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Reports of Osvaldo Alonso's demise have been greatly exaggerated

Should we be getting to know a kinder, gentler Ozzie Alonso?

Mike Russell/Sounder at Heart

I went back and re-watched all 191 published minutes that I could find of Ozzie this preseason and I feel like I can draw a few honest conclusions after grading him in a few ways:


I heard that Osvaldo Alonso came in to camp out of shape. Nothing in his play this spring leads me to believe that news was wrong. Peak Alonso was able to boss the entire midfield alone. This player is no longer there. I saw marked improvement in his fitness throughout the preseason but he looks heavier and the patented Alonso lateral agility is less than usual. He needs support in the middle.


Without the ability to run ceaselessly for 90 minutes, Alonso's range is definitely decreased. This is still Ozzie though, so that has decreased from 90% of the field to about 50%. Ozzie used to depend on physical ability and endurance to do this and while I think his range improves as he gets more in "peak" condition, the days of Alonso succeeding on an Island alone may have passed us. The team can't rely on him to clean up every mess (especially in the corners where he was fantastic at support) and will need to get some help from a team commitment to defense.


Alonso is still a fast player, but his pace is only good, not great. Adding guys like Jordan Morris and Joevin Jones really accentuate that Alonso is nowhere near the fastest player on the team anymore. Playing centrally, it is much more important for him to take good angles than to rely on pure sprinting speed, and I believe the team has adapted to get him more central which should offset some loss of burst pace. Without this, he can't be as aggressive diving in to get possession, as his recovery from a miss isn't what it used to be. Seeing a dribbling Diego Valeri run past him is a bit startling.


Other than a few "preseason" touches and a terrible pass or two whilst playing on a lake, Alonso has shown his control is still there. He looks calm on the ball, and while he isn't yet dribbling out of trouble, there hasn't been need and he still is nearly impossible to win the ball off of.


All of the above things might seem pretty dire until you realize it is still preseason, and we have seen Alonso come back heavy of body and foot after long breaks in play (injury etc). I fully expect at least some of his range and pace to improve as he gets more 90 fit. Alonso is still a great tactical player and though not up to peak Ozzie of a few years ago I noted Alonso making many quality plays and keeping solid shape. His decision making is stellar, and I could see him adjusting to the physical and tactical differences this year very quickly as the preseason wore on. His play improved drastically with each game.

This brings me to some VERY important points:


Coach Sigi Schmid made a large change in the last two contests and it has paid off - Instead of having Ozzie sit behind Erik Friberg and Andreas Ivanschitz in an inverted triangle, or playing three interchanging players, he is having Ozzie and Erik play a sort of stacked double pivot. In the first few games Ozzie was getting WAY too high, pushing up past Clint Dempsey and some Nigerian guy at times. With this new adjustment, Alonso is staying much more connected to the defense (Evans in particular) and he is sitting deeper in general. Having both of these central players deep or stacked allows AI to push forward in between Valdez and one of the wide forwards on offense or to pressure the ball. The other wide player (Dempsey or Morris) drops into a midfield defensive structure. This keeps Alonso from having to push wide constantly, saving his legs and keeping him where he can be most effective - in the middle of the pitch.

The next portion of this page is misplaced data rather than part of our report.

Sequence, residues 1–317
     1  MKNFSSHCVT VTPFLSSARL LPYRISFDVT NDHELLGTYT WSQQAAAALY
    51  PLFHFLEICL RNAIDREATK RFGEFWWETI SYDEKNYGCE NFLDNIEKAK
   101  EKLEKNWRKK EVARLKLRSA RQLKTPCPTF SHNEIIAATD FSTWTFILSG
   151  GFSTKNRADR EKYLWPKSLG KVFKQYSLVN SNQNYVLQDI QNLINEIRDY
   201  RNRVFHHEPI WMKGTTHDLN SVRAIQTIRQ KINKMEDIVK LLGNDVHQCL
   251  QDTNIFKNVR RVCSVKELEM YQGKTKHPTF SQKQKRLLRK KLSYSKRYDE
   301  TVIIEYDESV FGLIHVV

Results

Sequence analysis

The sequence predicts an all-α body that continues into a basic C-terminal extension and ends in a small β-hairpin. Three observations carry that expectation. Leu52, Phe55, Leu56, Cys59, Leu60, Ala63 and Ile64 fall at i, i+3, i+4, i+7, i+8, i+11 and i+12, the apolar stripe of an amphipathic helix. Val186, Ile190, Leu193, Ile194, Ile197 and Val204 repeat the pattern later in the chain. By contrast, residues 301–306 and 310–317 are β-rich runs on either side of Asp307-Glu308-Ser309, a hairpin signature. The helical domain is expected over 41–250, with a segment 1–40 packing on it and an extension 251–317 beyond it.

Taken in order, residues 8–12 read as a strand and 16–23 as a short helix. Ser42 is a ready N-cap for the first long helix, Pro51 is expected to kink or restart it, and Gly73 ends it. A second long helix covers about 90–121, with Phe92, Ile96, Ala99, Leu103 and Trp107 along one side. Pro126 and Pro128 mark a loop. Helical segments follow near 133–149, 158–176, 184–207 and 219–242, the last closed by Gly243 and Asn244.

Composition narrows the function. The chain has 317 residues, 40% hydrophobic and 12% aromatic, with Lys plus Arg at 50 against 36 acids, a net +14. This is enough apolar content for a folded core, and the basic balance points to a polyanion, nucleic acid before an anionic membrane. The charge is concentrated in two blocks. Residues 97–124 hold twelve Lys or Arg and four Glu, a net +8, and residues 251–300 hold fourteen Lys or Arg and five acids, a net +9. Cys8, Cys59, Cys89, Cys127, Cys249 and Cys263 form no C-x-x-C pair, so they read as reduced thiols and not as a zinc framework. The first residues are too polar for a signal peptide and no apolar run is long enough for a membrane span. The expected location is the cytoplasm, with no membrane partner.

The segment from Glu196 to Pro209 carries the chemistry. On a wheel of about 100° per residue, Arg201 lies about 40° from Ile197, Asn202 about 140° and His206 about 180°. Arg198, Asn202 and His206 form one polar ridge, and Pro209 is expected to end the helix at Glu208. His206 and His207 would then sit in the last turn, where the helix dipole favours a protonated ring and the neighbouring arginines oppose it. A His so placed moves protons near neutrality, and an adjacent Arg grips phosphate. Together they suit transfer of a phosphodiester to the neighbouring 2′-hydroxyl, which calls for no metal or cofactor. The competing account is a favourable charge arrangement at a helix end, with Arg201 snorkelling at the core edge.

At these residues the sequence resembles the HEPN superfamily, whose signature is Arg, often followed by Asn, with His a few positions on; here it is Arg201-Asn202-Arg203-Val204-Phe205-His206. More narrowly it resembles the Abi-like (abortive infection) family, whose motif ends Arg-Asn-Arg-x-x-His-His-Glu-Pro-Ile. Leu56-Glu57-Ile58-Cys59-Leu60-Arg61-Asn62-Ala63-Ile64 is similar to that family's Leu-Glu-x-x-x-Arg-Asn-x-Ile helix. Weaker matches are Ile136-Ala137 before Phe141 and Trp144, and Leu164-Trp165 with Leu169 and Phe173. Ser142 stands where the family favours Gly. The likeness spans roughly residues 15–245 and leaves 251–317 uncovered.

We no longer need Alonso to do everything since we have vastly more talent around him. Specifically, Friberg is covering more ground for the team - Erik has really impressed me this preseason with his positioning and works flawlessly off where Ozzie moves. In this setup Alonso assumed the role of controlling midfielder who switches the ball and keeps possession (I expect very high % passing numbers to continue) while Friberg will be taking a bit higher risk/reward vertical passing and vision usually originating from width, looking to spring wide fullbacks or forwards. With Evans behind him, Alonso has a creative outlet to drop to instead of being forced to dribble out of traffic on his own. With both fullbacks able to press high with pace, the opposing defense isn't able to flood the middle without major consequence on counters. All of these things make the new look Alonso a very good fit for this formation.


It's a different look, but he is still Ozzie Fricking Alonso - Sure, his play has fallen off from team MVP and league best 11. Don't expect him to single-handedly break up counter attacks on his own with anything like the regularity we were accustomed to. Don't expect him to crush every player and then slip and slide on their tears as he starts the ball back the other way. The days of the honey badger slaloming through the defense to score tap in goals in Open Cups might be over. I didn't see nearly as many tackles or physical crushing plays so far, but we don't need that with the new setup. What we need is a metronome style controlling presence who is the anchor in the center of the field that the entire team rotates around. Especially against LA, Ozzie played this role very well. Doing so frees up the players around him to be more aggressive (have you guys seen this Andreas Ivanschitz guy?) I will need to adjust my expectations for the kind of player I expect Alonso to be, but from my viewpoint this spring, Alonso looks primed to succeed in his new role.

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